May 5, 2006
Judge Presnell on fast-track disparity (again)
The always notable District Judge Gregory Presnell, who long-ago secured a place in my Sentencing Hall of Fame, has spoken through again to fast-track disparity in US v. Miranda-Garcia, No. 05-cr-202 (M.D. Fla. May 4, 2006) (available for download below). Judge Presnell's previous work in this area in a case called Delgado is discussed in this post. Here is a portion of his latest work in Miranda-Garcia (though the whole opinion is a must-read):
[T]he existence of fast-track programs in some but not all areas of the country creates a situation where defendants guilty of identical offenses and with identical histories and characteristics receive significantly different sentences depending upon whether they are sentenced in a fast-track jurisdiction or not. 18 U.S.C. § 3553(a)(6) specifically instructs the Court to "avoid unwarranted sentence disparities among defendants with similar records who have been found guilty of similar conduct." Many judges dealing with this issue post-Booker (including other judges in this district) have concluded that the fast-track disparity is unwarranted. As one such judge put it, "it is difficult to imagine a sentencing disparity less warranted than one which depends upon the accident of the judicial district in which the defendant happens to be arrested." United States v. Bonnet-Grullon, 53 F.Supp.2d 430, 435 (S.D.N.Y. 1999). This Court agrees.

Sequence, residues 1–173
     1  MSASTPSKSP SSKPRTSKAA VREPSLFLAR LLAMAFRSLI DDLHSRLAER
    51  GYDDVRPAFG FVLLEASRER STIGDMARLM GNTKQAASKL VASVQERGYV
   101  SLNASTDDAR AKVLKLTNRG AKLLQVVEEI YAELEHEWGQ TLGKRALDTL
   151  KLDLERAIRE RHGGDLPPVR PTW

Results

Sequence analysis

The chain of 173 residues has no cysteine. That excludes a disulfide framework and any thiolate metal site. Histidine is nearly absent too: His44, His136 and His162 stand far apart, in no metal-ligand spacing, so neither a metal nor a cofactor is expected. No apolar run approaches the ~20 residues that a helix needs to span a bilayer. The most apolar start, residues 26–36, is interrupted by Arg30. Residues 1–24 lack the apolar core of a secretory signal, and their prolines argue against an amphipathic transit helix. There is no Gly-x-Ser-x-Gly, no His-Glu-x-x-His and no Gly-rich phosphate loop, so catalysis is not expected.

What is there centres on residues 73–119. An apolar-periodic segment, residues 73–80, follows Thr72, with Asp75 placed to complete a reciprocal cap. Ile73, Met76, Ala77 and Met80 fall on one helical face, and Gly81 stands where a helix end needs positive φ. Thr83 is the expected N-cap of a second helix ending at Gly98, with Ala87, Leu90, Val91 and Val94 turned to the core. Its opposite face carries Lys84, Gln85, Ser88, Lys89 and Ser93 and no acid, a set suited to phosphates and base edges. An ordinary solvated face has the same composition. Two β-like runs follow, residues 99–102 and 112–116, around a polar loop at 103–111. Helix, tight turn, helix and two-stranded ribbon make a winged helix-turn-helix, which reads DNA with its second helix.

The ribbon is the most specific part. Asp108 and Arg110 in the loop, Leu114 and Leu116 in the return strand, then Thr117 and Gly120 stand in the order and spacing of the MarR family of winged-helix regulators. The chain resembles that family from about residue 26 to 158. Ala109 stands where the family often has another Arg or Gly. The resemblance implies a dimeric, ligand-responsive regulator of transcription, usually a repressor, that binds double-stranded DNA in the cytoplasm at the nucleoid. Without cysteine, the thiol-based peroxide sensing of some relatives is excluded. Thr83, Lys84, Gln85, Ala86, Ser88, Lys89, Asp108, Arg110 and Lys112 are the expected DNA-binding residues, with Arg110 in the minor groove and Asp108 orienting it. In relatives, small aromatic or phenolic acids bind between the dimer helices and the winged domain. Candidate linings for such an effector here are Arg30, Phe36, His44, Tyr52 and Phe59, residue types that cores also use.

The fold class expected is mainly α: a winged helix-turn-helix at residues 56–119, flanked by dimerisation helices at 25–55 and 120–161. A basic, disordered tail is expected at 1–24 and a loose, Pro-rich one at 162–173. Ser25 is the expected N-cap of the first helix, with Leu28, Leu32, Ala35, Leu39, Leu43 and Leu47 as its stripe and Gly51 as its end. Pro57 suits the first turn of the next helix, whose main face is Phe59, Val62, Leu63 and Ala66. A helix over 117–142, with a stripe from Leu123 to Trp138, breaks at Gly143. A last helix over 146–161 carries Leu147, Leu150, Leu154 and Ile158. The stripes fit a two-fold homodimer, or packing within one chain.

The consequences of this disparity are not simply academic or de minimis. According to a recent report from the USSC, the 13 districts with fast-track programs for illegal reentry cases 5 include several with far fewer immigration cases than the Middle District of Florida (e.g., Idaho, Nebraska and North Dakota). Booker Report at E-25. As of March 16, 2006, 28 percent of all post-Booker illegal reentry defendants nationwide received government-sponsored fast-track credit (and a corresponding below-guideline sentence). United States Sentencing Commission, Special Post-Booker Coding Project (March 2006) at 2. Obviously, there were no fast-track departures in this District. This is a huge disparity based solely on the happenstance of a defendant’s location at the time of his or her arrest.
May 5, 2006 at 01:30 PM | Permalink
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